JUAN GONZÁLEZ: And, Ken, much has been made about the Hunter Biden laptop and the attempt to suppress it. And so, the investigation apparently found nothing illegal in that laptop?

KEN KLIPPENSTEIN: Well, it’s complicated, and there are a number of investigations. And when the FBI talks about these things, they’re always very vague about it. You know, they don’t want to interfere with an ongoing investigation. But what was interesting about the laptop case is that, yes, you know, former Mayor Rudy Giuliani played a role in having it delivered to the FBI. They ended up investigating it. It appears, from these charges, at least, that that was not something that resulted in prosecutorial charges. But that’s something that the Republicans have been pushing very ardently to try to investigate. But there’s been no information from that laptop verifying any of the allegations I described before.

JUAN GONZÁLEZ: And in terms of the plea agreement reached, there are some that say that even prosecution for these misdemeanors was a stretch. And, of course, the Republicans are arguing that this was extreme leniency and a double standard by the Justice Department when it came to Hunter Biden. Your sense of the facts of what you uncovered?

KEN KLIPPENSTEIN: Yeah, there have been a number of — I saw — recently quoted a public defender describing how unusual the sentence was, in terms of how aggressively it was prosecuted. But we’re in territory that’s, you know, extremely politically sensitive and very partisan in nature. I mean, these top Republicans that I mentioned before — Representative Comer, again, chairs the Oversight Committee, and then Senator Grassley — have all but admitted that, you know, President Trump is being — former President Trump is being prosecuted in the classified documents case and in New York, and they’ve all but come out and said, you know, “Why don’t they prosecute Biden?” And so they’re very explicitly connecting the two cases and not being particularly subtle about the partisan and political nature of their call for these investigations and prosecutions.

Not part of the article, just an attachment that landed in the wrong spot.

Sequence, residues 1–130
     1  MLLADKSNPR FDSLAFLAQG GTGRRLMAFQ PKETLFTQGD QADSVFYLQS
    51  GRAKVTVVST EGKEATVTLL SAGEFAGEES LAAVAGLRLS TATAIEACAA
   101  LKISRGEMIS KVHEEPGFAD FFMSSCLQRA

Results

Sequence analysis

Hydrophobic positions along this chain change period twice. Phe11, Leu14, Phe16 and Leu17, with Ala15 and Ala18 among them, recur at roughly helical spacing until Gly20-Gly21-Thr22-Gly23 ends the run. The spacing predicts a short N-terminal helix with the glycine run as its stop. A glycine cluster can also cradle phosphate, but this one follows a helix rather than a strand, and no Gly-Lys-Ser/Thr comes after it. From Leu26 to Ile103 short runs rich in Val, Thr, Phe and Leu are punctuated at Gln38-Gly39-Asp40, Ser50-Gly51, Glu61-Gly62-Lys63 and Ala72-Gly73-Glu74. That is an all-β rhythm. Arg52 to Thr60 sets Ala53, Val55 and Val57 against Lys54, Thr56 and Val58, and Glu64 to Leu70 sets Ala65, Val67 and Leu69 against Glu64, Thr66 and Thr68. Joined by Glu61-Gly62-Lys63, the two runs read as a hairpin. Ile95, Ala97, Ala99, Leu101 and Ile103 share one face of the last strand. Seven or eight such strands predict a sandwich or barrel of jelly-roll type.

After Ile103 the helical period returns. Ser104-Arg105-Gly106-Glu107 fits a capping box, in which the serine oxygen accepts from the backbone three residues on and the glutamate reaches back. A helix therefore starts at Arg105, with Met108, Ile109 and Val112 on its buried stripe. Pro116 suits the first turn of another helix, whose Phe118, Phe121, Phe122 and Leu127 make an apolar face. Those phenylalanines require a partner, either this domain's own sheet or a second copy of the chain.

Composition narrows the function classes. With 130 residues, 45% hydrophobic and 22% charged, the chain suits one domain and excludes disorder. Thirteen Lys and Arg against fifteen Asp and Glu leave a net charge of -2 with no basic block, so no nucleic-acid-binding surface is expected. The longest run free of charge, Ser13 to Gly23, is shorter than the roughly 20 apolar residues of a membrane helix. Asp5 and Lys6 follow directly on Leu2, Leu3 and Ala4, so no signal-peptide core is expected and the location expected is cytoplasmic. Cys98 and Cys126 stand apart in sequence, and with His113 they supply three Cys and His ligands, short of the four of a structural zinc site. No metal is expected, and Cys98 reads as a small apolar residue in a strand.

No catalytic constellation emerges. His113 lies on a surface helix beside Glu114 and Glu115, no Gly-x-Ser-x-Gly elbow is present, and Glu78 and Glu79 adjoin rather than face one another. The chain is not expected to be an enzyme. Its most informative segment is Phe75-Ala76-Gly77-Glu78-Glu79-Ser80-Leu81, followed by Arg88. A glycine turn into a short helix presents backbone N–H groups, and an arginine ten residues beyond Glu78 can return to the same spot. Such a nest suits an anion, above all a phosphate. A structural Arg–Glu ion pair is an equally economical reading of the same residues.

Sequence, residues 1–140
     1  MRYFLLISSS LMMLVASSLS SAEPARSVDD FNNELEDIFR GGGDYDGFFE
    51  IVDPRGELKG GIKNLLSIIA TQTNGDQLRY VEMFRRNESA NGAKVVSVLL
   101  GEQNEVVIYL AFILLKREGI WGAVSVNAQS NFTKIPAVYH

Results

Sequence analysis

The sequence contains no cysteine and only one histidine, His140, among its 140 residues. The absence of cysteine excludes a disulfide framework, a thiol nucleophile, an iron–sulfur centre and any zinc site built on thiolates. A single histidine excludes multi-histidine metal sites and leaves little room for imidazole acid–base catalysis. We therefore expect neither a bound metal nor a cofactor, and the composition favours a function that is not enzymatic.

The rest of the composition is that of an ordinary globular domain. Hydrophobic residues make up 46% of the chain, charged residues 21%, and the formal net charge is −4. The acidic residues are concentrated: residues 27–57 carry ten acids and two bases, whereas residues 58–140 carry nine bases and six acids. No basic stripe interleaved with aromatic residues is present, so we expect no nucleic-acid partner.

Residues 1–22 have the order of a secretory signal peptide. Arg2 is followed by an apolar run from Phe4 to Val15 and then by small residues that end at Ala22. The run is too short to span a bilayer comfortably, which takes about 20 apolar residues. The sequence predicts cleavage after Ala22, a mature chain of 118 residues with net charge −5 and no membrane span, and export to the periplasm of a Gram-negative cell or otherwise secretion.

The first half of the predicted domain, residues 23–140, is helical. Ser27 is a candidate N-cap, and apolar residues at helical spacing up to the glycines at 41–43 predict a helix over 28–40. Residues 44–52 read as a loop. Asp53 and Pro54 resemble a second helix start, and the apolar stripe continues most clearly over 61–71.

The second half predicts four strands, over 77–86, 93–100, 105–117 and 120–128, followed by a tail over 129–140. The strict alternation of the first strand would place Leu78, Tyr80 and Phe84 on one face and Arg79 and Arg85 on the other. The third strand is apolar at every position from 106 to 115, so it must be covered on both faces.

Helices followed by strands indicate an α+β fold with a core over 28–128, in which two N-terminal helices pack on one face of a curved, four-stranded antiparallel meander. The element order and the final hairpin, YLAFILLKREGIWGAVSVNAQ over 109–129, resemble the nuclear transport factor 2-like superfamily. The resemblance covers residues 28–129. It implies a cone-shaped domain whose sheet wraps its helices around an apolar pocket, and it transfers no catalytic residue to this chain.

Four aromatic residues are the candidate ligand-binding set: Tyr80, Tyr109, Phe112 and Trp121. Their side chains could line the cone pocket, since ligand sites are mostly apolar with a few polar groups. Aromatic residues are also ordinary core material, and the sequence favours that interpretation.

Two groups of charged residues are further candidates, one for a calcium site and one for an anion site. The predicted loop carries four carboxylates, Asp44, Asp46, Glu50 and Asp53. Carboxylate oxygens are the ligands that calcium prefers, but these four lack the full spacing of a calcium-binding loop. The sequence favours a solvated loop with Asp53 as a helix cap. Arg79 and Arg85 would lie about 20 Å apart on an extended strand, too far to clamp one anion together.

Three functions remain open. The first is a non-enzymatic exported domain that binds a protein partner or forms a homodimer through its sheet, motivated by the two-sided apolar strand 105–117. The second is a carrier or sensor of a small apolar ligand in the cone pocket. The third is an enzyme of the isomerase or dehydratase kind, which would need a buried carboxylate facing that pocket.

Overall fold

AMY GOODMAN: And, Ken, if you can quickly say what he has pled guilty to? Explain the gun and tax charges.

KEN KLIPPENSTEIN: Yeah, so, he pled guilty to the tax charges in exchange for not being prosecuted for the gun charges. And so, he was in possession of these firearms at a time that he, by his own admission, was in the throes of addiction issues. And so, this was basically a deal with the prosecutors to get them not to prosecute on the other half of the case, which a lot of Republicans are looking at and saying, you know, “Look how soft they went on him.” But that’s a very standard procedure by which prosecutors adhere, offering lighter sentences in exchange for admissions.

AMY GOODMAN: And finally, we just have 10 seconds, but the U.S. attorney Trump appointed?


AMY GOODMAN: Ken Klippenstein, I want to thank you for being with us, investigative reporter with The Intercept. We’ll link to the piece that you co-wrote with Ryan Grim, “What Does the FBI Have on Hunter and Joe Biden?”

That does it for our show. Democracy Now! produced with Renée Feltz, Mike Burke, Deena Guzder, Messiah Rhodes, Nermeen Shaikh, María Taracena, Tami Woronoff, Charina Nadura, Sam Alcoff. I’m Amy Goodman, with Juan González. Thanks so much for joining us.